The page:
New Statuary Work: Our Lady of Prompt Succour

Continuing on with our consideration of new work in the liturgical arts, I wanted to turn readers attention to a new piece of statuary executed by ALBL Oberammergau who are based out of Germany.

One of the very first ways to capture my attention when it comes to new statuary work today is that it should be carved from wood first of all, and second, that it not be left monochromatic but instead is given some colour and other ornamental qualities.

Now to be clear, this isn't to say that there aren't beautiful potentialities for monochromatic statuary -- one need only tour the great churches of Europe to see monochromatic masterpieces in marble for instance. Likewise, how many choir stalls can be found which are nobly ornamented with carved wooden figures, decorated only with wood stain and perhaps the odd bit of gilding? There is a great history here and also a great potential and, in point of fact, these are some of my very most favourite works of sculpture and statuary.

No, the reason I say this is simply that in recent decades we have been treated to very little in the way of high quality, coloured statuary -- and in point of fact, it is quite difficult to successfully pull it off.  Part of the reason for this relative absence may precisely be because it is so difficult to do (and more expensive), and part of it may have to do with a reaction this past half-century to the mass produced, low-quality, painted plaster statuary that we would tend to class as "Saint-Sulpice." One of the noble desires of the Liturgical Movement was to see a revival in the use of more noble and authentic materials for liturgical art -- materials such as wood and stone. Between this and also the spirit of those same times -- which tended towards a break with much that had come before -- we saw a shift away from painted and gilt statuary to a nearly monopoly of monochromatic approaches, often in wood, though sometimes even simply in unpainted plaster (which was hardly an advancement in that particular instance).  Unfortunately it was quite often the case that whatever good might have been gained during this period in terms of nobility of materials could just as easily be negated by a lack of nobility in form -- having frequently seen a modern "primitivist" approach adopted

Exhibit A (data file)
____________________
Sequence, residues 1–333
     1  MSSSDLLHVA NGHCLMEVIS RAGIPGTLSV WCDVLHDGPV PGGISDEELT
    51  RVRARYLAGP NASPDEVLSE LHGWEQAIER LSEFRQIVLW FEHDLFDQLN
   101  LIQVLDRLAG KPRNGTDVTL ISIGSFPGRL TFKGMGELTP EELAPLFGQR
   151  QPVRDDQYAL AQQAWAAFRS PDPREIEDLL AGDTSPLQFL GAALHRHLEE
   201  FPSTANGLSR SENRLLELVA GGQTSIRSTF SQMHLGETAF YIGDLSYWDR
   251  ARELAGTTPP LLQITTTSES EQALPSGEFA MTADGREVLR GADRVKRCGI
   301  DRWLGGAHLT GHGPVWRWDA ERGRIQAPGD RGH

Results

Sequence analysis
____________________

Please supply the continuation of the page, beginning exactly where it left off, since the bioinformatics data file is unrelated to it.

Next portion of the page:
It is perhaps a shame that coloured statuary has come, at least in our own time, to be associated with l'art Saint-Sulpice, for there is a whole other tradition of it, manifest in the medieval tradition and rooted in places like Germany or in the high calibre gothic revival efforts of the likes of Sir Ninian Comper,  that takes it place alongside the aforementioned masterworks for their nobility of form, of materials and of colour.

The statue I wish to show you today is of Our Lady of Prompt Succour, created for St. Ignatius of Loyola Catholic Church in Spring, Texas which was damaged in a hurricane last year. The selection was purposeful and symbolic as Our Lady of Prompt Succour has under her patronage the protection against hurricanes.

As intimated above, the statue was carved from wood -- Lindenwood specifically -- entirely from hand by ALBL Oberammergau  in Germany.  Very seldom are people treated to seeing these works 'in progress' so I asked our friends there if they could provide readers of LAJ with views of the work as it moved through its various stages up until completion.   I do hope you'll enjoy this insiders view of the artistic process that led to this noble statue in its completed form.








For more information:

ALBL Oberammergau
Woodcarving Studio for Sacred Art
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